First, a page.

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Impact of disability on career development

So, how does disability affect the professional development of those in project management? It is concerning that 38 per cent feel their disability has had a negative effect on their professional development, with just 15 per cent considering it to be positive. Men are more likely to believe the impact has been positive than women (22 per cent vs 9 per cent).

How diverse and inclusive is the profession?

As the other findings in this chapter show, changing perceptions can be difficult. Last year’s research showed that BAME project professionals were significantly less likely to consider the project profession to be diverse than their white colleagues.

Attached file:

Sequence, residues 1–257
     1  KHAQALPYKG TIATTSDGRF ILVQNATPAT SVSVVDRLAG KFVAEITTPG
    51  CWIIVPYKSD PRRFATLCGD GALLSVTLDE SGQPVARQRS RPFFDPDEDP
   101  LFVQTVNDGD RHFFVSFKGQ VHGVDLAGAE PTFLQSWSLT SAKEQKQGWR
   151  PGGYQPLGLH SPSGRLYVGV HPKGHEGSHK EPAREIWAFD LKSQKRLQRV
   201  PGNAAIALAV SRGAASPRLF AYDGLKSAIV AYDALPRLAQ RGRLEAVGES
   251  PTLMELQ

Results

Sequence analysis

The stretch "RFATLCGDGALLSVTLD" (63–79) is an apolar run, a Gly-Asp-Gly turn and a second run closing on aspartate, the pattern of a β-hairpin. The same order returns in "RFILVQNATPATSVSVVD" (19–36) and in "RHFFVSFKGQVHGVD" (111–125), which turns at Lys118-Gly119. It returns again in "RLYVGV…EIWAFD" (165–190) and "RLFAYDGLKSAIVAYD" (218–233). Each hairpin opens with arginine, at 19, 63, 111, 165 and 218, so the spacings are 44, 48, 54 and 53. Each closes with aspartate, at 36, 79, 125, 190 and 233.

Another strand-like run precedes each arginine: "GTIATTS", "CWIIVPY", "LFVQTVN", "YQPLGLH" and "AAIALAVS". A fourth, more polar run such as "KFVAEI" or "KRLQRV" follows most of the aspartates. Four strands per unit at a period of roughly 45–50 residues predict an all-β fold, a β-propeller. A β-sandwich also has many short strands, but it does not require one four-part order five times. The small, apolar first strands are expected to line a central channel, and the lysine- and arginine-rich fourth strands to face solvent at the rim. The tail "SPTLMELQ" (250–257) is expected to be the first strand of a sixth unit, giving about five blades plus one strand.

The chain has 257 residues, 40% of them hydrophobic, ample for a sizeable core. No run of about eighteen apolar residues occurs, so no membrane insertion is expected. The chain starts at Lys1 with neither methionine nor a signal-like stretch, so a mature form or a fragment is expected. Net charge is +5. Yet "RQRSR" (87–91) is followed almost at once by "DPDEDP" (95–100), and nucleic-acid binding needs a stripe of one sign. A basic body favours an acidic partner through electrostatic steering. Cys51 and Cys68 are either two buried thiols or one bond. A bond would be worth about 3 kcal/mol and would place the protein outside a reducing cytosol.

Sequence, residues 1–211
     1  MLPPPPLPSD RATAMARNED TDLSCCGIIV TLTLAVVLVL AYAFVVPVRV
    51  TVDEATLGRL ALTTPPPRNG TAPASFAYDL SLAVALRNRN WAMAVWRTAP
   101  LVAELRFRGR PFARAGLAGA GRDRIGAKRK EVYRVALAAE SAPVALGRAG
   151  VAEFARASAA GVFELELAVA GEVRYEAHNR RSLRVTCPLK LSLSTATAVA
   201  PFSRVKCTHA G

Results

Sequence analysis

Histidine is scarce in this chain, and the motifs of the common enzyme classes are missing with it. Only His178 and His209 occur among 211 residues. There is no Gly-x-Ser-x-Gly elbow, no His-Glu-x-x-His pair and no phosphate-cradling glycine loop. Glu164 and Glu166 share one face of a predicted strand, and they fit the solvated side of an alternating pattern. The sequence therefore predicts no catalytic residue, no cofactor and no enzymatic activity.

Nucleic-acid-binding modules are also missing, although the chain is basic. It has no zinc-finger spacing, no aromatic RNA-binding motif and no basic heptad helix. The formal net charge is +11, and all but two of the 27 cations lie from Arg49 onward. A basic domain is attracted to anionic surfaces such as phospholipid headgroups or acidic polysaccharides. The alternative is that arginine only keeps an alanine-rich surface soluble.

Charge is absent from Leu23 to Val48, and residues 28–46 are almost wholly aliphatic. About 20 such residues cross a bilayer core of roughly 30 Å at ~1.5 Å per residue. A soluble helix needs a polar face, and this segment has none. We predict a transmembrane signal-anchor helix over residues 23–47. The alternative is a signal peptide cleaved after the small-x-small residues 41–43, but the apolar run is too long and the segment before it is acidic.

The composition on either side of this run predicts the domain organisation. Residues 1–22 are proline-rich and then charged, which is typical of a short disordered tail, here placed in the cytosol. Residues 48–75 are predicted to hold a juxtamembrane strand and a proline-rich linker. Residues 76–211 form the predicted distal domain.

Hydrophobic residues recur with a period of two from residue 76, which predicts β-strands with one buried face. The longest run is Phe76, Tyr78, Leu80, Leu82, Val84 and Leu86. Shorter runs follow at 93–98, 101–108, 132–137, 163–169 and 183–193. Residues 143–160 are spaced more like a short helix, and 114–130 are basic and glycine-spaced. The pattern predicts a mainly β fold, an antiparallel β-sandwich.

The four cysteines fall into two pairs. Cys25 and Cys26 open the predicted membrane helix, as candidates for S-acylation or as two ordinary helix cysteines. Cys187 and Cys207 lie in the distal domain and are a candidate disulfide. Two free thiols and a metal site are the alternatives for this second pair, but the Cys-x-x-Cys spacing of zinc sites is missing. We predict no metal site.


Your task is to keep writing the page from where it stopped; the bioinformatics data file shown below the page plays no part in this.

That remains the case, with the net score unchanged. Concerns around the inclusivity of the profession were highest among those who identified as BAME, with significantly higher proportion (12 per cent) taking a negative view than their white counterparts (five per cent).

It is, however, worth pointing out that views are becoming more polarised, which may reflect the greater attention being paid to these issues both in the profession and the wider world: the proportion in the middle – those not feeling strongly about diversity and inclusion either way– is dropping each year, and across both BAME and white cohorts.

It is also encouraging that just under half of disabled people feel that the profession has its doors open to all. Forty-six per cent of that cohort rated the profession as inclusive, which shows that while more work is needed, there is genuine reason for optimism around efforts to include a broad range of entrants

Social mobility